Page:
NumPy

numpy.random.Generator.hypergeometric

method

Generator.hypergeometric(ngood, nbad, nsample, size=None)

Draw samples from a Hypergeometric distribution.

Samples are drawn from a hypergeometric distribution with specified parameters, ngood (ways to make a good selection), nbad (ways to make a bad selection), and nsample (number of items sampled, which is less than or equal to the sum ngood + nbad).

Parameters
ngoodint or array_like of ints

Number of ways to make a good selection. Must be nonnegative and less than 10**9.

nbadint or array_like of ints

Number of ways to make a bad selection. Must be nonnegative and less than 10**9.

nsampleint or array_like of ints

Number of items sampled. Must be nonnegative and less than ngood + nbad.

sizeint or tuple of ints, optional

Output shape. If the given shape is, e.g., (m, n, k), then m * n * k samples are drawn. If size is None (default), a single value is returned if ngood, nbad, and nsample are all scalars. Otherwise, np.broadcast(ngood, nbad, nsample).size samples are drawn.

Returns
outndarray or scalar

Drawn samples from the parameterized hypergeometric distribution. Each sample is the number of good items within a randomly selected subset of size nsample taken from a set of ngood good items and nbad bad items.

See also

multivariate_hypergeometric

Draw samples from the multivariate hypergeometric distribution.

scipy.stats.hypergeom

probability density function, distribution or cumulative density function, etc.

Notes

The probability density for the Hypergeometric distribution is

P(x) = \frac{\binom{g}{x}\binom{b}{n-x}}{\binom{g+b}{n}},

where 0 \le x \le n and n-b \le x \le g

for P(x) the probability of x good results in the drawn sample, g = ngood, b = nbad, and n = nsample.

Consider an urn with black and white marbles in it, ngood of them are black and nbad are white. If you draw nsample balls without replacement, then the hypergeometric distribution describes the distribution of black balls in the drawn sample.

Note that this distribution is very similar to the binomial distribution, except that in this case, samples are drawn without replacement, whereas in the Binomial case samples are drawn with replacement (or the sample space is infinite). As the sample space becomes large, this distribution approaches the binomial.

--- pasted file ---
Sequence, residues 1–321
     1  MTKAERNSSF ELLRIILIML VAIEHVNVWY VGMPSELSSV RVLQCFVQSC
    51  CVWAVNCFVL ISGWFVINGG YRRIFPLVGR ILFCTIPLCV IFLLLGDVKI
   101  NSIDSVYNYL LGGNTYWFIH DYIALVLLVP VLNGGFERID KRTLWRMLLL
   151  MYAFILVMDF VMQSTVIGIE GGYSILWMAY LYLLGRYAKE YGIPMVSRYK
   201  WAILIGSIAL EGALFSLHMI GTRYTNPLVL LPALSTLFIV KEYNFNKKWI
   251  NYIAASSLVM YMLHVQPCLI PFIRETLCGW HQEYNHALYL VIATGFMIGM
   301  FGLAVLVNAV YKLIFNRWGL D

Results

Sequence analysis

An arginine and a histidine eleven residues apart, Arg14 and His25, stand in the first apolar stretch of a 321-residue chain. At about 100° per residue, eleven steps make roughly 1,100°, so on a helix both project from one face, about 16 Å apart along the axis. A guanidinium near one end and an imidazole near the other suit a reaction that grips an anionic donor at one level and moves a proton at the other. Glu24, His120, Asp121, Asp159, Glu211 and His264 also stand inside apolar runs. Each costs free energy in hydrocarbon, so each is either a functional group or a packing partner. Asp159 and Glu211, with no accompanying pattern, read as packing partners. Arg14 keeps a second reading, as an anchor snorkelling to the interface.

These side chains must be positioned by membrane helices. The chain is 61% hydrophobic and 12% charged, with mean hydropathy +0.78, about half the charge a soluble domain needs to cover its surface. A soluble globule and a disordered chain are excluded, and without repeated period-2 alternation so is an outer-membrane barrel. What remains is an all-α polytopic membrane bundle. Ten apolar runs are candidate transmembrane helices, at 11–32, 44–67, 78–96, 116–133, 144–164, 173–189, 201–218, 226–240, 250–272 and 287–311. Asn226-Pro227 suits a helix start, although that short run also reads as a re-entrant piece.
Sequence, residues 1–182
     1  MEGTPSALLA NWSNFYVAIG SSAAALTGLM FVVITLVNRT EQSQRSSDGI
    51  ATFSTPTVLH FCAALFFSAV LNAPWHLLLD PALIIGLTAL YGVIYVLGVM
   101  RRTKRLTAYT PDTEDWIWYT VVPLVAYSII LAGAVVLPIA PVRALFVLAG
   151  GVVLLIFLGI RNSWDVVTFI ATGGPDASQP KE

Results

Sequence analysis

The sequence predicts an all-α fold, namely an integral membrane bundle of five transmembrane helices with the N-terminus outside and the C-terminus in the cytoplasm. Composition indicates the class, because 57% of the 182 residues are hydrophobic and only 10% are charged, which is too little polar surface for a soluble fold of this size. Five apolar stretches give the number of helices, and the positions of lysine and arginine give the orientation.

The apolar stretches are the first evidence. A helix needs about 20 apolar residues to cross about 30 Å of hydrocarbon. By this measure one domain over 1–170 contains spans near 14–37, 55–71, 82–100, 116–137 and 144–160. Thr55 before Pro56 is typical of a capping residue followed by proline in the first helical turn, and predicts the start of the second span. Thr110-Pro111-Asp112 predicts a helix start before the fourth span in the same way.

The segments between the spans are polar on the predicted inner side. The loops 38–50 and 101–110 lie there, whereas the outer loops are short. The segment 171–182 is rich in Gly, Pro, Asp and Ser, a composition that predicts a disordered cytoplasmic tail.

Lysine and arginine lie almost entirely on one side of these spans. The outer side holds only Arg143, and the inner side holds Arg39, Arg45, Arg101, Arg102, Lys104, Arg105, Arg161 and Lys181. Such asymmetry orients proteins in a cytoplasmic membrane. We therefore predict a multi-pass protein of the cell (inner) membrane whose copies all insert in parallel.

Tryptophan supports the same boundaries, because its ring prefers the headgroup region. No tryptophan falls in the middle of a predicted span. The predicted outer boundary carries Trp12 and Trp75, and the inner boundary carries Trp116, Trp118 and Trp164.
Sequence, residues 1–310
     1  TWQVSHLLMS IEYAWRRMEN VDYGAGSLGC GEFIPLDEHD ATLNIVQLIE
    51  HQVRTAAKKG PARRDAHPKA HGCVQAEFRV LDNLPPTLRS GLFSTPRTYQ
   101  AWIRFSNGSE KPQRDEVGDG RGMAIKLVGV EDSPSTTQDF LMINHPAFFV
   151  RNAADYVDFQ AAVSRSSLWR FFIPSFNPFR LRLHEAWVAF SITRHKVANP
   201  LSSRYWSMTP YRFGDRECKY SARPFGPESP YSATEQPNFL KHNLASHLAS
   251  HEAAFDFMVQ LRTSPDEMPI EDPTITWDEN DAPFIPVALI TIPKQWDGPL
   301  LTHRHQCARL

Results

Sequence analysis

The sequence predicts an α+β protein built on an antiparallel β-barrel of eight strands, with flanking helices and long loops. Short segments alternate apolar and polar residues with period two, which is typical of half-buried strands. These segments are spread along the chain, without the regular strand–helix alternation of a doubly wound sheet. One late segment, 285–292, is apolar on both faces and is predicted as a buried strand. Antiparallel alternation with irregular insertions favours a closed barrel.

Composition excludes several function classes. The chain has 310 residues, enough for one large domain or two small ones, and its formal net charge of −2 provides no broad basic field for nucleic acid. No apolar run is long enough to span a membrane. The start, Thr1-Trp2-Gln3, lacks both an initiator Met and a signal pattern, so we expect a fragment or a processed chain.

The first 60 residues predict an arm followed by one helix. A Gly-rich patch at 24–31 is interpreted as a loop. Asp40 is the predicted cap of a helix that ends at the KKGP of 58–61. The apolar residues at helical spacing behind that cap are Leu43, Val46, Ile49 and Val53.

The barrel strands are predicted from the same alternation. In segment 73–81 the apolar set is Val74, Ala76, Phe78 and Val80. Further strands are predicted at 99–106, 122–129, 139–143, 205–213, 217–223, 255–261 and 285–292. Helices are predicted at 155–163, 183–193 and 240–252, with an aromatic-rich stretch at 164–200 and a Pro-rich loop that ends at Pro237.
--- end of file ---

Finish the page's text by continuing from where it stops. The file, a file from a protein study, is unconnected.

The arguments ngood and nbad each must be less than 10**9. For extremely large arguments, the algorithm that is used to compute the samples [4] breaks down because of loss of precision in floating point calculations. For such large values, if nsample is not also large, the distribution can be approximated with the binomial distribution, binomial(n=nsample, p=ngood/(ngood + nbad)).

References

1

Lentner, Marvin, “Elementary Applied Statistics”, Bogden and Quigley, 1972.

2

Weisstein, Eric W. “Hypergeometric Distribution.” From MathWorld–A Wolfram Web Resource. http://mathworld.wolfram.com/HypergeometricDistribution.html

3

Wikipedia, “Hypergeometric distribution”, https://en.wikipedia.org/wiki/Hypergeometric_distribution

4

Stadlober, Ernst, “The ratio of uniforms approach for generating discrete random variates”, Journal of Computational and Applied Mathematics, 31, pp. 181-189 (1990).

Examples

Draw samples from the distribution:

>>> rng = np.random.default_rng()
>>> ngood, nbad, nsamp = 100, 2, 10
# number of good, number of bad, and number of samples
>>> s = rng.hypergeometric(ngood, nbad, nsamp, 1000)
>>> from matplotlib.pyplot import hist
>>> hist(s)
#   note that it is very unlikely to grab both bad items

Suppose you have an urn with 15 white and 15 black marbles. If you pull 15 marbles at random, how likely is it that 12 or more of them are one color?

>>> s = rng.hypergeometric(15, 15, 15, 100000)
>>> sum(s>=12)/100000. + sum(s<=3)/100000.
#   answer = 0.003 ... pretty unlikely!

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